Further Info: London Metropolitan Archives website

These printed maps were extensively annotated with the use of colour keys by the Architects Department of the London County Council to indicate, building by building, bomb damage during the Second World War. This is the most detailed record of damage to London’s built environment caused by aerial bombardment. An iconic and multi-layered source for London’s experience of war and its aftermath, it conveys complex survey data in the tradition of Leake’s Great Fire map, Milne’s land use map, Mylne’s geological maps and Booth’s poverty maps.

Used frequently by architects, surveyors, town planners and local and family historians seeking information on the precise degree of damage suffered by properties across the 117 square miles of the London Region 1940-1945, the maps are a symbol of Londoners’ resilience in adversity and highlight the enormous effort and forethought of the London County Council to serve London and Londoners in their ‘hour of need’. Used by Patrick Abercrombie and John Henry Forshaw in drawing up the County of London Plan (1943) and the Greater London Plan (1944) to rebuild the capital in the post-war period, the maps are a key source for studies of post-war town planning in London and UK.


Robert Stephenson and Company archives

Robert Stephenson and Company Archives

Type of heritage: Collection
Date of inscription: 2012
Nominating institution: National Railway Museum

Further Info: National Railway Museum

The archives of Robert Stephenson & Co. are the unique documentary record of how the UK gave railways to the world. Formed in 1823 by George Stephenson and his son Robert, for some time they were the UK’s only locomotive manufacturing concern. They were the first railway manufacturing firm to organise production on modern industrial lines, the first to introduce a dedicated drawing office, the first to develop sophisticated record-keeping. Rocket was their most famous locomotive, but Stephenson men and machines were at the heart of the first railways in France, Belgium, Prussia, Egypt, Australia, Peru, and many American states, to name but a few. Stephenson & Co. launched the UK’s railway export trade and were responsible for the UK’s dominance of the world’s railway market in the late 19th century.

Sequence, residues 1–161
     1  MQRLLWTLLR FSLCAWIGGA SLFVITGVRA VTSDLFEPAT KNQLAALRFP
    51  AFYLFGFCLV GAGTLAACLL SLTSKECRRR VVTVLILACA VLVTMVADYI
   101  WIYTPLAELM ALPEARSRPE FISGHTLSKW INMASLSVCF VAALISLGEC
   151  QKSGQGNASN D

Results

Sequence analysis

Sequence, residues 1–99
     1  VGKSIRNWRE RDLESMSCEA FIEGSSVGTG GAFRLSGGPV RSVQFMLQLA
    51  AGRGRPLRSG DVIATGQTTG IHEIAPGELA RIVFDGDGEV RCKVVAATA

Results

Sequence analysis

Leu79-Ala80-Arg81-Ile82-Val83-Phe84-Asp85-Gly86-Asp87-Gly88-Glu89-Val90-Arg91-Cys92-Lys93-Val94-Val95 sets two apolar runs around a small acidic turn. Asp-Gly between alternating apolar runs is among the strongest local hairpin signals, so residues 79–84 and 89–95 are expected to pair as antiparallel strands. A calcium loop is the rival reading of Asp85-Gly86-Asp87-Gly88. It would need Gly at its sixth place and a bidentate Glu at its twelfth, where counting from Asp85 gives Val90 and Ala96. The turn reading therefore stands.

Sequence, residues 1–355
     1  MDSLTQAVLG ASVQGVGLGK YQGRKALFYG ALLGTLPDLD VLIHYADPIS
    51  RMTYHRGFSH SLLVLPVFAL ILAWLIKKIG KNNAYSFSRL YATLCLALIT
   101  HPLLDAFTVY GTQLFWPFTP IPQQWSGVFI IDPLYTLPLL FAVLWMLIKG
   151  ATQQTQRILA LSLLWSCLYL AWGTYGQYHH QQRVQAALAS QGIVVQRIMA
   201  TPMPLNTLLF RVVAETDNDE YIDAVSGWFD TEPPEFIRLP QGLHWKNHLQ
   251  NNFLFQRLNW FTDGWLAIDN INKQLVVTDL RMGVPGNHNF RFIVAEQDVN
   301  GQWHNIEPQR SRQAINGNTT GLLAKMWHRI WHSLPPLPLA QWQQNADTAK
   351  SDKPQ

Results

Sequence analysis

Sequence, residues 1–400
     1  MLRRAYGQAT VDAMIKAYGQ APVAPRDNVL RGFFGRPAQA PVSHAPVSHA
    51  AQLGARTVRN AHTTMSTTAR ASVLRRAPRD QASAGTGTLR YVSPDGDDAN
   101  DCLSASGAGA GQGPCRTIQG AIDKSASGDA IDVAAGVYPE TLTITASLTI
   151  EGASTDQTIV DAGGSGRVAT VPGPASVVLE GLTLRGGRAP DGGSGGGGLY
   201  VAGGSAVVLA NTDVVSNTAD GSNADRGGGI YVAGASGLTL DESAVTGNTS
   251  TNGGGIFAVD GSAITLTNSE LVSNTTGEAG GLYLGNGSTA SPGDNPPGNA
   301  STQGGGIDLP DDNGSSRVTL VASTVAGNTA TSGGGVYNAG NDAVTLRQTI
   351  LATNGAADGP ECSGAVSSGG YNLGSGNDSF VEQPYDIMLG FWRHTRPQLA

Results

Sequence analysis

The collection contains the firm’s first minute book, charting its development into a sophisticated business, a near-complete series of order books graphically illustrating the firm’s national and global reach, and series of engine description and completion books recording their products in detail. The sequence of over 160 drawings, selected by the firm themselves, illustrate the technical development of the locomotive from crude colliery workhorse to international motive power driven by George Stephenson’s innovation and Robert Stephenson’s organisation and drive.